Apparently BellSouth is planning to try and charge internet content companies for using bandwidth on their networks. I first saw this story on Om Malik’s post and was trying to figure out exactly how BellSouth was thinking they were going to pull this off. As Malik points out:
. . . Apple maybe asked to pay a nickel or a dime to deliver the song. Yahoo will have to do the same for its reality TV streams. I wonder what is the ramification of this? Will it mean increased price of songs on the iTunes store, hence slower sales of iPod, and hence the slowdown of that ecosystem. . . . if there is no money out of consumer pocket, fine. Silicon Valley is still going to pay the price!
Then I read a post on Geek News Central that clarified even further exactly what BellSouth is doing:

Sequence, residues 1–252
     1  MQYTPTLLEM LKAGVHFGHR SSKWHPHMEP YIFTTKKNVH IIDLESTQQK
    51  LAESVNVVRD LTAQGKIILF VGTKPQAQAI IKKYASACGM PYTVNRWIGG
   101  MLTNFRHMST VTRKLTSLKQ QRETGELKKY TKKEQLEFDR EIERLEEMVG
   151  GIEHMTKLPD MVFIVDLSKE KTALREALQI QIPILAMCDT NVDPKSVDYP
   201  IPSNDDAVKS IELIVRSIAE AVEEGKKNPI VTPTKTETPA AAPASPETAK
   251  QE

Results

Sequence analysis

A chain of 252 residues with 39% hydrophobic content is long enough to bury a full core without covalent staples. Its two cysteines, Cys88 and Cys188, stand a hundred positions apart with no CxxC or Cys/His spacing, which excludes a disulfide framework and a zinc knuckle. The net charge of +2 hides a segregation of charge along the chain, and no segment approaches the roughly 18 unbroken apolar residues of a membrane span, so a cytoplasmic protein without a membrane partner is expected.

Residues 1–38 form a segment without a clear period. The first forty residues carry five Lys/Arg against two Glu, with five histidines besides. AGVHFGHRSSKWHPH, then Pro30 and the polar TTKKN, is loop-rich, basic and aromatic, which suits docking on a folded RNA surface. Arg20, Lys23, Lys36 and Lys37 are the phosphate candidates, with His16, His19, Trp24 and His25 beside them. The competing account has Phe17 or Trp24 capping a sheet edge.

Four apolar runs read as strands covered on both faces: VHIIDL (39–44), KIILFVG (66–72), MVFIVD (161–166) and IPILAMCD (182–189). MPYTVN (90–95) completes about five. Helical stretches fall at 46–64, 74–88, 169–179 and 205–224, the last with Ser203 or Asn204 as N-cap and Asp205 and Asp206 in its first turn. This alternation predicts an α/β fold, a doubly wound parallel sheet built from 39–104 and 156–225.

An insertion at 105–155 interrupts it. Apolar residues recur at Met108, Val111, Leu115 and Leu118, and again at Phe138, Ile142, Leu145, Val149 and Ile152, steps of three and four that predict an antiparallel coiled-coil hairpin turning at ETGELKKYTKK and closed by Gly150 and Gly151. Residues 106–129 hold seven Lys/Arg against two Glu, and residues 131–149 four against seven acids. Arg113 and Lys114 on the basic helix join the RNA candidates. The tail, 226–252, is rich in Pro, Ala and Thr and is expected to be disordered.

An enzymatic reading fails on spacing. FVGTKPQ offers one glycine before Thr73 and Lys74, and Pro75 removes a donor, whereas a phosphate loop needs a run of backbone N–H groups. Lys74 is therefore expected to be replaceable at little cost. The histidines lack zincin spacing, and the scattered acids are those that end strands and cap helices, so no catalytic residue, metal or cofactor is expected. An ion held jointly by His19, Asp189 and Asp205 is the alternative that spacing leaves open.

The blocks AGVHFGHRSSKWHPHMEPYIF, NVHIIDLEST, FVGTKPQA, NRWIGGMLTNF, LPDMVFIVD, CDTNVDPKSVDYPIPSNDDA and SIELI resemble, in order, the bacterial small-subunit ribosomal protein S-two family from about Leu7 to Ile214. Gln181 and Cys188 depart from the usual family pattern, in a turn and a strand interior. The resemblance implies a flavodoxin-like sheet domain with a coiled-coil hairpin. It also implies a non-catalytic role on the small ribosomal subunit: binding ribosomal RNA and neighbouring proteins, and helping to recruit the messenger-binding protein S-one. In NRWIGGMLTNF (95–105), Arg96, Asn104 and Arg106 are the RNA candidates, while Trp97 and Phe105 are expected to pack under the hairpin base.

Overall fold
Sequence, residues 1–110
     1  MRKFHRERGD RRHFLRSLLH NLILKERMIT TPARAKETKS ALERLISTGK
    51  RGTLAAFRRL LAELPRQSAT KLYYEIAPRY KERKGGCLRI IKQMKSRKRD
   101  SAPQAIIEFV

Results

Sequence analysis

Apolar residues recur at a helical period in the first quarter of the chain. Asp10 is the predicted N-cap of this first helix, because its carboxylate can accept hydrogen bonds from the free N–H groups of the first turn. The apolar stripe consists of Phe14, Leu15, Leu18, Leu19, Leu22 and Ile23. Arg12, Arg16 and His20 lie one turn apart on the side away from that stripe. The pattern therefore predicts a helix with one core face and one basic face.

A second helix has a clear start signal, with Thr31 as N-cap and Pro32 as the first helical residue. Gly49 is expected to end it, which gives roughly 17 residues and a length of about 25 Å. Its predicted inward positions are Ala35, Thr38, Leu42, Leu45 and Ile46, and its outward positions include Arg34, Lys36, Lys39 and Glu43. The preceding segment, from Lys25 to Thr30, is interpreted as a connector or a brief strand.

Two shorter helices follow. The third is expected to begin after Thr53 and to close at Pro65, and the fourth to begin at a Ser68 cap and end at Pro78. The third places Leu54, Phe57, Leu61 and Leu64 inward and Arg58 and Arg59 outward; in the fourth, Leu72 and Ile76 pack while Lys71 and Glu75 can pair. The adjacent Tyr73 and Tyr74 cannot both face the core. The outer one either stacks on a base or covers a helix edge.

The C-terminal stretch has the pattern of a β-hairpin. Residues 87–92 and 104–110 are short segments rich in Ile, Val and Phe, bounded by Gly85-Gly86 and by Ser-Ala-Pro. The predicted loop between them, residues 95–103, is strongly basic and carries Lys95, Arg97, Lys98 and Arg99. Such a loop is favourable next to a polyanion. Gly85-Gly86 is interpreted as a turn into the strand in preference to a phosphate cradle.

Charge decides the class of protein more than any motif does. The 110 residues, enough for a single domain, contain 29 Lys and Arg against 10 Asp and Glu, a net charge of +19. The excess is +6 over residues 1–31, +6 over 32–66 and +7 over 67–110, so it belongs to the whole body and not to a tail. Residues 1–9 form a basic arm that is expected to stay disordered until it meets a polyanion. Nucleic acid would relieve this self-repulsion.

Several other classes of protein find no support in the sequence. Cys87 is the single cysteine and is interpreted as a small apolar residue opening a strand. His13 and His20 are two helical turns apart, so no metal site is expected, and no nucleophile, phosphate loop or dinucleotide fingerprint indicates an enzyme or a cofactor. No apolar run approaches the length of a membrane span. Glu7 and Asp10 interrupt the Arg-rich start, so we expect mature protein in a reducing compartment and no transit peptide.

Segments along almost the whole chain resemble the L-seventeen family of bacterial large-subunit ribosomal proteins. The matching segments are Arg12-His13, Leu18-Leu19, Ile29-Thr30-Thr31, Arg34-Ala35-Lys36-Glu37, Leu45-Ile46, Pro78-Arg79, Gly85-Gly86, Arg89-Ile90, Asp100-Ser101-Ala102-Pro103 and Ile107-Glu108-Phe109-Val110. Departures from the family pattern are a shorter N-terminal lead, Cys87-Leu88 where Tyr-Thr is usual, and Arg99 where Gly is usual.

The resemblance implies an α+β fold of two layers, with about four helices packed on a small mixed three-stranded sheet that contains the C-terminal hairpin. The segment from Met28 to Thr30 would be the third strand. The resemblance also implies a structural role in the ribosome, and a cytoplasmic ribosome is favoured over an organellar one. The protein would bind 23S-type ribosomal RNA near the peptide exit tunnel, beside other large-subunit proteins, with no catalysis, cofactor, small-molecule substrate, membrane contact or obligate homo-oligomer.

The Bells are loosing ground and they are not happy about it. In return they want to start charging a two way toll on the net connected lines. First they charge Joe Customer for Internet access, second they want to charge companies like Google for driving so much traffic through their network lines.
Finally, I read Jeff Pulver’s advice for Google, which I find to be extremely viable — essentially, Pulver suggests that Google put BellSouth in the penalty box for their outrageous scheme:
Given the market power that Google has today, they are more relevant to the Internet community than BellSouth. Given that, if I were running Google today, I would choose to implement a BellSouth Boycott and stop offering access to Google to BellSouth customers and would start advertising Cox Cable service on any requests that came from BellSouth customers in their regions. I’m willing to wager that by Q3 2006, BellSouth’s DSL group will feel the effects of their grave error in judgment.
It will be interesting to see what actually transpires in the near future.